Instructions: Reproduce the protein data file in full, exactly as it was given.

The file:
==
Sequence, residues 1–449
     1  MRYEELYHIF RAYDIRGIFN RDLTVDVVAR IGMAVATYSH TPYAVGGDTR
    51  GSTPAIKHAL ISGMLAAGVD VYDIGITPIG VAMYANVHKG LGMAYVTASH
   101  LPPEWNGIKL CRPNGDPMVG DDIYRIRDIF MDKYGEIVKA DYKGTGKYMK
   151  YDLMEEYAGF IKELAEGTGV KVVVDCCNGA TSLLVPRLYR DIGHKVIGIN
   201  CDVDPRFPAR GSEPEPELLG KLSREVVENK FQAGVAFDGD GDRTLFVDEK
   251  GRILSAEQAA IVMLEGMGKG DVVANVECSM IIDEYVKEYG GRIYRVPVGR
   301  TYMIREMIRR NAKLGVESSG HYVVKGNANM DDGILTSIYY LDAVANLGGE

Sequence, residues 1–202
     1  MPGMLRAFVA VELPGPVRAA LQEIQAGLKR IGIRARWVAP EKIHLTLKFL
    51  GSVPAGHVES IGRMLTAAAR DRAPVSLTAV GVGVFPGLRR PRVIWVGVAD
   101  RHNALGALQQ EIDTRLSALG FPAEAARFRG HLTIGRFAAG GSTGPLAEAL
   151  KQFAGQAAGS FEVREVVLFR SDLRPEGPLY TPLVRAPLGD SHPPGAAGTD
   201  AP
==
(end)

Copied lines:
Sequence, residues 1–449
     1  MRYEELYHIF RAYDIRGIFN RDLTVDVVAR IGMAVATYSH TPYAVGGDTR
    51  GSTPAIKHAL ISGMLAAGVD VYDIGITPIG VAMYANVHKG LGMAYVTASH
   101  LPPEWNGIKL CRPNGDPMVG DDIYRIRDIF MDKYGEIVKA DYKGTGKYMK
   151  YDLMEEYAGF IKELAEGTGV KVVVDCCNGA TSLLVPRLYR DIGHKVIGIN
   201  CDVDPRFPAR GSEPEPELLG KLSREVVENK FQAGVAFDGD GDRTLFVDEK
   251  GRILSAEQAA IVMLEGMGKG DVVANVECSM IIDEYVKEYG GRIYRVPVGR
   301  TYMIREMIRR NAKLGVESSG HYVVKGNANM DDGILTSIYY LDAVANLGGE

Sequence, residues 1–202
     1  MPGMLRAFVA VELPGPVRAA LQEIQAGLKR IGIRARWVAP EKIHLTLKFL
    51  GSVPAGHVES IGRMLTAAAR DRAPVSLTAV GVGVFPGLRR PRVIWVGVAD
   101  RHNALGALQQ EIDTRLSALG FPAEAARFRG HLTIGRFAAG GSTGPLAEAL
   151  KQFAGQAAGS FEVREVVLFR SDLRPEGPLY TPLVRAPLGD SHPPGAAGTD
   201  AP